- false representation, concealment or obstruction
- misuse of revenue collected and held in trust, including PAYE, GST and employee KiwiSaver contributions
- misuse of GST
- non-filing of returns with intent to evade the establishment of a liability, including child support and/or payment of obligations
- misuse of corporate entities
- attempts to undermine the administration of the Revenue Acts
- attempts to frustrate the Commissioner in exercising his legislated powers
- organised or systematic attacks on the tax or social policy systems
- emerging risks
- those who work in, advise or hold positions of trust
- Inland Revenue employees who have a higher duty of care in complying with their tax and social policy obligations and maintaining the community's perception of integrity in the administration of the tax system.
Other factors include the tax dollar value, regularity and scale and/or repetitiveness of offending.
No one factor will solely determine whether a decision to prosecute is made.
We will also take a serious view where a third party (someone other than the taxpayer or claimant):
- facilitates an offence to take place
- aids, abets, or conspires in the commission of an offence, or incites, counsels or procures any person to commit an offence
- does any of the above in relation to the concealment of an offence
- does any of the above in relation to the concealment or laundering of the proceeds or evidence of an offence.
Inland Revenue will actively seek to collect overdue tax or social policy payments and, where necessary, use legal recovery remedies to do so.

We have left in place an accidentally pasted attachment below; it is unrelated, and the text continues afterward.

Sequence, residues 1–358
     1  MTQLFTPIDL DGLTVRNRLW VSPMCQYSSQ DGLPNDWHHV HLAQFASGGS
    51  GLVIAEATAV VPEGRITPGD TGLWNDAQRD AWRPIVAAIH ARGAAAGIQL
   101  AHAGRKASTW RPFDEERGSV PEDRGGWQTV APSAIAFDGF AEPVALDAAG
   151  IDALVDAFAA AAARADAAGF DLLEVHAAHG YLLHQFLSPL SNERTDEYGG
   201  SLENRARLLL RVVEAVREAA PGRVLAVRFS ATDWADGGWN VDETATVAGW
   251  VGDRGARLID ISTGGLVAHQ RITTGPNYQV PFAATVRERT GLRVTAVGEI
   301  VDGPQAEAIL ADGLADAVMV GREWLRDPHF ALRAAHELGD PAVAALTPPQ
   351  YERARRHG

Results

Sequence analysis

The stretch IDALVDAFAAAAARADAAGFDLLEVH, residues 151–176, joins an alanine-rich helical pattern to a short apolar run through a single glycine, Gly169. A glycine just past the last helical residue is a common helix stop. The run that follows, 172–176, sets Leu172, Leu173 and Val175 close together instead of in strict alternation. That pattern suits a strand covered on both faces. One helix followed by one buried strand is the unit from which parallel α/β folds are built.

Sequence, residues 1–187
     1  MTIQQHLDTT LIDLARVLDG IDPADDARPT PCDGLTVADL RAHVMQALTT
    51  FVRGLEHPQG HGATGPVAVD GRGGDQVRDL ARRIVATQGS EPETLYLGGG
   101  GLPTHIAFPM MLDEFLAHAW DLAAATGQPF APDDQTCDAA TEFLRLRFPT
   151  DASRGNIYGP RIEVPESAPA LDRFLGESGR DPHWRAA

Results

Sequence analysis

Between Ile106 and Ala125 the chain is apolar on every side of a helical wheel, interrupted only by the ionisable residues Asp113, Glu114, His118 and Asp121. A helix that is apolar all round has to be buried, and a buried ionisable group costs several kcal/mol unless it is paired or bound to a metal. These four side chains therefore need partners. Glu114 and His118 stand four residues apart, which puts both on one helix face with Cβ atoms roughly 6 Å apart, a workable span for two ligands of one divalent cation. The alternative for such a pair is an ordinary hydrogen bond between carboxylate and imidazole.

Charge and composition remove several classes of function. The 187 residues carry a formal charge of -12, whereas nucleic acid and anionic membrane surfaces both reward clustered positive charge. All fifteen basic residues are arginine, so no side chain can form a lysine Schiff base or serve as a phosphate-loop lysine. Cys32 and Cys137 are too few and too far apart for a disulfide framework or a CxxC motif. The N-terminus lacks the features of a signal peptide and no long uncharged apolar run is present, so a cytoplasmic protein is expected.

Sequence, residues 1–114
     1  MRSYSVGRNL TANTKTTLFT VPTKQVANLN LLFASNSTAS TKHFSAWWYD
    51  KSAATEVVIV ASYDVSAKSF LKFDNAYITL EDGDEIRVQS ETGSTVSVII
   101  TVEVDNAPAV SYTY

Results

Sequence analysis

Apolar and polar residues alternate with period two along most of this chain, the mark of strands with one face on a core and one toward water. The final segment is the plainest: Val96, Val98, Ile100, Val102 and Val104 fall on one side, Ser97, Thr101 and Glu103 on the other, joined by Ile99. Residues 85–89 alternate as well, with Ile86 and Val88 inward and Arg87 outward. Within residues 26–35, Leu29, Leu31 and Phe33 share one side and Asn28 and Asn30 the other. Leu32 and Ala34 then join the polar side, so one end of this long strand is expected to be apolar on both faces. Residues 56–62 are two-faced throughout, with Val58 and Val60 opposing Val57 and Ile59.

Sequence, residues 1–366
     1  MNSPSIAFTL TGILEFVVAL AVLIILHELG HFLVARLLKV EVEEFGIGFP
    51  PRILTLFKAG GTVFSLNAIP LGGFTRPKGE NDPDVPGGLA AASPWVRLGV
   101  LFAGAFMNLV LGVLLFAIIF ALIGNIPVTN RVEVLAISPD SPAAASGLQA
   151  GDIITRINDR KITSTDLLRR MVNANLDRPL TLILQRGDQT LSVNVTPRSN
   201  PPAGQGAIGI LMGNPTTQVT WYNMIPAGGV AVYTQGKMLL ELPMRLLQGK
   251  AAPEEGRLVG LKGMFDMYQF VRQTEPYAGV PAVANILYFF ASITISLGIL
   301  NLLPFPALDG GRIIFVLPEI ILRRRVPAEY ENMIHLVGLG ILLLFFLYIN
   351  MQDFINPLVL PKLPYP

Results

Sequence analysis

Decisions to prosecute will be made within an organisational structure that provides for: impartial consideration of each case
- efficient and effective use of Inland Revenue resources
- alignment with the Solicitor-General's prosecution guidelines
- national consistency
- robustness to withstand challenges
- Inland Revenue being seen to treat customers fairly, impartially and according to the law.
We will publicise the outcomes of prosecution cases where we consider it appropriate. When deciding to publicise a prosecution, we will consider the public interest, including deterring future non-compliance, encouraging and reinforcing compliant behaviours and maintaining the community's perception of the integrity of the tax and social policy systems we administer.
Measuring our outcomes and performance
We will periodically review:
- our decision-making frameworks and processes to ensure they remain robust, impartial and in accordance with the law, strategies and responsibilities
- the effective and efficient use of our resources in undertaking these activities
- the range and nature of prosecution cases taken
- the outcomes of these cases through the courts
- the positive influence of these outcomes on compliant behaviour in the community and protecting the integrity of the tax and social policy systems.
Date published: 10 Jun 2011